Demise of the partners - Trade among the Islands

Copyright 1993  

Within the Henderson & Macfarlane Shipping company management, changes were taking place as the Henderson family moved on to new ground, bringing in George Dunnett and later James Young as newly appointed partners. Thomas Henderson jnr. had been offered the position of Auckland Manager for the Union Steamship Company, where he remained until 1898, when he was asked to go to Hobart and take up the position of General Manager, Australia.

Harry Henderson, who had been the beneficiary under his father's will and had been working for several years in the Pacific Islands with the firms fleet of vessels, decided to retire from the sea and open up an office for the company in Pitt Street, Sydney, becoming an agent for the many steamship lines plying to Australia and New Zealand from America, Europe and England. He gained the agency for the P & O Shipping Line and the Shaw, Saville & Albion Company in London and also the San Francisco Mail Steamers, as well as agent for the Auckland based Union Steamship Company.

Cruising the Pacific islands aboard the schooner CERCI, George Henderson, Thomas's eldest son, sailed into Auckland unaware that his father had passed away and gained the sad news of his death on arrival. George had been unwell himself over a period of a year and the abdominal pains he suffered had worsened during his voyage. He attended the doctor soon after his return and over the next three months his condition deteriorated and he was in considerable pain and confined to his house. He died on the 11th November, 1886 of cancer of the liver and was interred in the family grave at Grafton Cemetery, Auckland.
As the steamship trade spread into the Pacific Ocean, the firm gradually sold off their sailing ships and reduced the fleet to a few small vessels among the main trading islands. Harry Henderson bought the 600 ton, iron screw, topsail rigged steamer, the JANET NICCOLL, which carried a crew of nine and was under the command of Captain Henry with orders to make a final round of the island posts to collect the cargo waiting there. The vessel was made ready to sail from Sydney on the 11th April,1890 bound for Auckland and the Pacific Islands.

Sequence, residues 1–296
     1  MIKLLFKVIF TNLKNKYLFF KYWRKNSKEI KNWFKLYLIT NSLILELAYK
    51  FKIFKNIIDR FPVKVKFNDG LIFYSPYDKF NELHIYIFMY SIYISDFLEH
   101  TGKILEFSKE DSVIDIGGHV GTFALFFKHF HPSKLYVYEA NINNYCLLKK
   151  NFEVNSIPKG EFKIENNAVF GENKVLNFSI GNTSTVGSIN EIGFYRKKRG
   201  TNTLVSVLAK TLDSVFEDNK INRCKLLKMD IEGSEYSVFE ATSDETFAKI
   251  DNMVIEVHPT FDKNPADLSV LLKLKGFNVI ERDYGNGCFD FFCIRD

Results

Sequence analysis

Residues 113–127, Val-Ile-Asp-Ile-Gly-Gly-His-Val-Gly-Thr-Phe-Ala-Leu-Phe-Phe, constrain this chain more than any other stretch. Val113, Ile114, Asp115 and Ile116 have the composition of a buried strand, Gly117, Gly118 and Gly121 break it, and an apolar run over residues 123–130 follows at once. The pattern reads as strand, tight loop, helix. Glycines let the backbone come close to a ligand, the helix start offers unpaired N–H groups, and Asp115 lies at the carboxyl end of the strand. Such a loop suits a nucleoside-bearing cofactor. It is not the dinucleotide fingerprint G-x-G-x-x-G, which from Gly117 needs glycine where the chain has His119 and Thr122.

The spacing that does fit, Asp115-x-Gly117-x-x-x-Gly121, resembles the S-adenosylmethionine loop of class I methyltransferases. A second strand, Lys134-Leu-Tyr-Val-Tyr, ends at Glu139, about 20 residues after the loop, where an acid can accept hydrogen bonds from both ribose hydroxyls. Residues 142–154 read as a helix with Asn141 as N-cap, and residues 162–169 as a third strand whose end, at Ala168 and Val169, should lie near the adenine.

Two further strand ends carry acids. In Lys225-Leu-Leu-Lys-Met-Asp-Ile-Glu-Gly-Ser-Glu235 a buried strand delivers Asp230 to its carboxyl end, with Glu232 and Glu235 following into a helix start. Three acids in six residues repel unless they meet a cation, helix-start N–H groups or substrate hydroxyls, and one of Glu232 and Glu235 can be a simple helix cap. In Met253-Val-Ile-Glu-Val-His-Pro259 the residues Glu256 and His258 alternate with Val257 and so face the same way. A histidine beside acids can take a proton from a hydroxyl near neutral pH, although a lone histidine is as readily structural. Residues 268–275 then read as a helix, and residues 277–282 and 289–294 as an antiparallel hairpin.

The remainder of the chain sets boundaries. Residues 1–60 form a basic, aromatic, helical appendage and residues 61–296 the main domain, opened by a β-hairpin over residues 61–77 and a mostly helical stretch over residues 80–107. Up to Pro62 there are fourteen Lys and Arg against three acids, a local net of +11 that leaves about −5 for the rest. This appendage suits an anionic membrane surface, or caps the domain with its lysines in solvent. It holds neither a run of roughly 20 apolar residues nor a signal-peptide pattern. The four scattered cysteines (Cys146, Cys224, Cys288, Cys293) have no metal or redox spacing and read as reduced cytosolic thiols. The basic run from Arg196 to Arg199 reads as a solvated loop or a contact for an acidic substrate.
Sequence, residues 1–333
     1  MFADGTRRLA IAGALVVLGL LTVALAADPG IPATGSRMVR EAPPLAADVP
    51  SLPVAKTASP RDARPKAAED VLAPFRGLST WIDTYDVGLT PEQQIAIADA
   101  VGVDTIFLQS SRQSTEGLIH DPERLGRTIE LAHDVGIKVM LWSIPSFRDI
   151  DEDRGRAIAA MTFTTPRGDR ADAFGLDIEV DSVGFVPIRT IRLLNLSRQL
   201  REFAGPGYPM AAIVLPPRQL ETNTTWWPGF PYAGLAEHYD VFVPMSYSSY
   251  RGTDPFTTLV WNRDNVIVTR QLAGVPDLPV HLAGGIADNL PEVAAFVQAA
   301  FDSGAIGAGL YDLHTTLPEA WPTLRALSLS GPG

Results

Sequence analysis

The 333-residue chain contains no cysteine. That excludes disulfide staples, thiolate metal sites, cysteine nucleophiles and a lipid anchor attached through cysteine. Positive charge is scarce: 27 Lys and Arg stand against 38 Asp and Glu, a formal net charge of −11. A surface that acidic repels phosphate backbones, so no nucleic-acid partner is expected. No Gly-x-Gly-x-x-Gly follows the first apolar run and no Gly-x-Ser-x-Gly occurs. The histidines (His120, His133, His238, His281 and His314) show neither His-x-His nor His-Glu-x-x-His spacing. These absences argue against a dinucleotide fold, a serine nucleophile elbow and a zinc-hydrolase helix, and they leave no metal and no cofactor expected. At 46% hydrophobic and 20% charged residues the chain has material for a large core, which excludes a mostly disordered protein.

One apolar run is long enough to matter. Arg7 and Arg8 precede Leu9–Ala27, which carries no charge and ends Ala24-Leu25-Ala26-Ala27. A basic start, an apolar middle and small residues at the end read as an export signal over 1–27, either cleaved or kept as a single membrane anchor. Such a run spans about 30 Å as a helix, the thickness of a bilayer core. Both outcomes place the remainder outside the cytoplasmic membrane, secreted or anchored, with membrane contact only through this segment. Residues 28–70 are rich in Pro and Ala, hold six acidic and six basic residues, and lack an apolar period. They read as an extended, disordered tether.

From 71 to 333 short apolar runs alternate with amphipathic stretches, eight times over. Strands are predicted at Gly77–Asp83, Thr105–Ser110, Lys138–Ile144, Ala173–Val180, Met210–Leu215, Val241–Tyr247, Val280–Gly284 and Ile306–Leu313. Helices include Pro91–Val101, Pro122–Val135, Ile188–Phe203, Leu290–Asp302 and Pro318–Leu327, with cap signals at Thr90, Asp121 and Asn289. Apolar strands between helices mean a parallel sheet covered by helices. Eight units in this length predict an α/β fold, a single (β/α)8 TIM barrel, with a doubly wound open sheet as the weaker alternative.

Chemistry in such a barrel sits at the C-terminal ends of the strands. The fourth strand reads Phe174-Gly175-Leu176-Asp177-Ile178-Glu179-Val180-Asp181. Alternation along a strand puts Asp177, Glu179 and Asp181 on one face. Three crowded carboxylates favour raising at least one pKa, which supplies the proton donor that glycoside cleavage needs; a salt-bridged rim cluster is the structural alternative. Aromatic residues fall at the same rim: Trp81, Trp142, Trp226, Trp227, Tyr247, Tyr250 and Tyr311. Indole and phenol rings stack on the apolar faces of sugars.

Seven days later she berthed at Queen's Wharf, Auckland, to take on provisions, coal and passengers. Harry Henderson and Mr. Hird joined the ship as supercargo, together with Jack Buckland, a trader for the firm returning to his island post. Robert Louis Stevenson [later to become the author of 'Treasure Island'] a close friend of Harry Henderson, together with his wife Fanny and son Lloyd, who was a keen amateur photographer, joined the ship with about forty islanders from the Solomon, New Hebrides and eight from Nuie, all returning to their island homes.

The JANET NICCOLL sailed on the evening tide from Auckland and as the journey progressed Mrs. Stevenson compiled notes on the voyage in her diary, later to be written as a book published in London, entitled,'The Cruise of the Janet Niccoll in the South Seas'. Gales and rain were encountered on the first leg of the journey to Niue where they received a grand welcome by the resident missionary, Mr. Lawes. Continuing passage to Apia, Samoa, they were met by the German Consul- General and made welcome while they provisioned and took on copra. Sighted Pukapuka on the 4th May, wrote Mrs. Stevenson. They had several natives to drop off here and as they approached they became wildly excited. This is a group of three islands, the only one inhabited is Pukapuka which has its own king. The king would not allow anyone to gather coconuts without his permission and therefore little copra is made and the island did not pay enough to have a trader stationed there.

"Captain Henry", related Mrs Stevenson, "blew the ship's hooter as we came abreast of the island. Every paddle in the canoes coming out to meet us, stopped dead and the crowds on the beach seemed turned into stone. The Pukapuka passengers called out re-assurances from the ship, but it was some time before the people summoned up courage to come alongside."